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Coming Up to Oxbridge : The True Ivory Tower : UP AT OXFORD, By Ved Mehta (W. W. Norton: $25; 432 pp.)

January 16, 1994|Carter Revard | Carter Revard is a 1952 Rhodes Scholar (Oklahoma and Merton). His book of poems, "An Eagle Nation," was published by the University of Arizona Press last year

This seventh volume of Ved Mehta memoirs tells of his Oxford years (1956-59). Having made his way from India to Arkansas, where he attended a school for the blind, he then by brilliance, charm and drive earned a degree with honors from Pomona College. His dream, though, was to go on to Oxford and (if he could take first-class honors there) to become a great academic or a great political figure. Unable to compete for a Rhodes Scholarship (his blindness prevented his fulfilling the athletic requirements), he would not accept the mere Harvard alternative that was offered him. In 1956, he did get himself accepted to study for a degree at Balliol--one of the oldest and most intellectually prestigious of Oxford colleges, though slightly less venerable and distinguished than Merton College--and took an honors degree at Oxford, though I leave it to readers to find out whether of first or second class.

Fascinating, discreetly but tartly gossipy, glinting with fun but darkened by tragedy, Mehta's book shows us a 1950s Oxford both like and very different from Evelyn Waugh's 1920s version. Not possessed by the green-eyed Muse or Tiresias-like genius of Waugh, Mehta gives us nicer orgies and more scholarly debates, more learned dons and fewer hearty (or noble) dunces. Mehta's golden lads and lasses fight for places in a world of ideas, in ivory towers as well as country places, castles, courts or ministries. His laughter is gentler than Waugh's, white-toothed but not going for the jugular--sometimes, indeed, almost too gentle, reminding one of what Pope said of Joseph Addison, that he would "just hint a fault, and hesitate dislike." He is less concerned to expose naked emperors than to catch brilliant minds darting or hovering like hummingbirds.

We are shown the intellectual achievements, the scholarly integrity of the students and teachers he encountered; along the way he gives, also, a warm-toned and delicately nuanced account of his parents--traditional mother, generous and trusting father--and the dark comedy of their European tour before he came up to Oxford. The ironic relations between paternal India and filial England itch like a rash beneath his dinner-jacketed narrative, and he shows how many of the brilliant careers he chronicles end with suicide: "We poets in our youth begin in gladness," as Wordsworth said, "but thereof come in the end despondency and madness." With funny stories enough for David Letterman or Dick Cavett, this is no nostalgia trip but a serious and richly detailed account of getting into, through, and safe viewing distance away from one of the world's great universities in the middle of the 20th Century.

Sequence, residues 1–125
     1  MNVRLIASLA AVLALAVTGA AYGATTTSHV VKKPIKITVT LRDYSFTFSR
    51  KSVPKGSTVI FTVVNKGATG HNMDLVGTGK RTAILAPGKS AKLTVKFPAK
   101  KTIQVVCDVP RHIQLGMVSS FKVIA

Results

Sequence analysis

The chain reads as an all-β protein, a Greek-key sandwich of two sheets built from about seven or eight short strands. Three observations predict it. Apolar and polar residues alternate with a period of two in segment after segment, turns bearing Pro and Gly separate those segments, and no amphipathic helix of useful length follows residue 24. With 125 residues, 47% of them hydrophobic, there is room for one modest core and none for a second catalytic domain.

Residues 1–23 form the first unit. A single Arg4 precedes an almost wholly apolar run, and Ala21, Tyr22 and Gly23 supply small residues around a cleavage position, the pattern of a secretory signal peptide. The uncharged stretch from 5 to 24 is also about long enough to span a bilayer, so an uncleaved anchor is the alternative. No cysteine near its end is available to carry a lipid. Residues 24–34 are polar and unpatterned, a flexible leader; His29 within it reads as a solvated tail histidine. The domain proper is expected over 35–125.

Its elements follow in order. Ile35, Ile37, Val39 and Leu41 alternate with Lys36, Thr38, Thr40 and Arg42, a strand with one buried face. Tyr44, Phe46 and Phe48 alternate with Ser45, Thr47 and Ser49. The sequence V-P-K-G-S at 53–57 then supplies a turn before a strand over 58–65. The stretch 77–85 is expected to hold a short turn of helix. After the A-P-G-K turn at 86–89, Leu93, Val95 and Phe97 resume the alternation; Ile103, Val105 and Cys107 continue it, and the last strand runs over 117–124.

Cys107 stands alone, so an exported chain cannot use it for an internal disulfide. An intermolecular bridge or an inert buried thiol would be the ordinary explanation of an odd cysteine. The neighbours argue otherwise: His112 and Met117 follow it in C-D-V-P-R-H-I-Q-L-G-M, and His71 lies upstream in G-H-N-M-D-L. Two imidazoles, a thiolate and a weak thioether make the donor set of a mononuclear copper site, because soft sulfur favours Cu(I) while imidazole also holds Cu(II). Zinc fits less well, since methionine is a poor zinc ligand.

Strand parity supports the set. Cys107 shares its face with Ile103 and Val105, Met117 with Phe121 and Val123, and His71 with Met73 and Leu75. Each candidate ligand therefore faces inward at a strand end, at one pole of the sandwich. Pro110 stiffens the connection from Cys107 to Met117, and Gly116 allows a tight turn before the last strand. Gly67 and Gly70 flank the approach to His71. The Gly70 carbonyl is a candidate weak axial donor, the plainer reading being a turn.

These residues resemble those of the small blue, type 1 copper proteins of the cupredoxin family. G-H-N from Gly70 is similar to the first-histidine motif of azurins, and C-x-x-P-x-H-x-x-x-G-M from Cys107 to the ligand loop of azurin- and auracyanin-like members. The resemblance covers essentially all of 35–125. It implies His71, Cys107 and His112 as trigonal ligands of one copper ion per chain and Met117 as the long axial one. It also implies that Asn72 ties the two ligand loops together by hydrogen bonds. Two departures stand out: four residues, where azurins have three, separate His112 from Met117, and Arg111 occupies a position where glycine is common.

Master of lucid narrative, Mehta makes us companions on this journey to Oxford, the first entry into his Balliol rooms, all the chill and gloom and strangeness of that intimidating day, then the struggle to find his place, to decide just what he wanted to study during his two years there (a painfully comic affair), to choose a tutor and make the special arrangements needed for him as a blind student--readers, amanuenses, the labyrinthine walks and Byzantine ways of college, university and town. Cheerful and offhand in tone, polished and practiced in technique, his stories conjure the Oxford of 1956 onto the page--the feel of it, the voices, follies and fun of its students in their absurd black gowns, their arguing, drinking, gossiping. He takes us inside the elite "debate" clubs, lets us hear the absurd and brilliant discussions, witness the snobs and slobs, arties and hearties among the undergraduates. He takes us into tutorials with eccentric and deeply learned teachers, tells us what he had to do in writing his essays on Anglo-Saxon or Cromwellian questions.

The Beat Generation was thumbing roads not taken, and the Tripsters were limbo-dancing toward us just below the horizon. Mehta tells of a reading by Allen Ginsberg and Gregory Corso at the Oxford University Labour Club: It was tough enough for Ginsberg's unzipped poetry to impress such buttoned-down metricians, but when Corso got up and dithy-Ramboed to those ban-the-bombers his paean to the Hydrogen Bomb, they took off their shoes and threw them at him--then retrieved them and walked out on the reading. Ah well, they expelled Shelley once--and in 1992 the Oxford Student Union would applaud Ronald Reagan!

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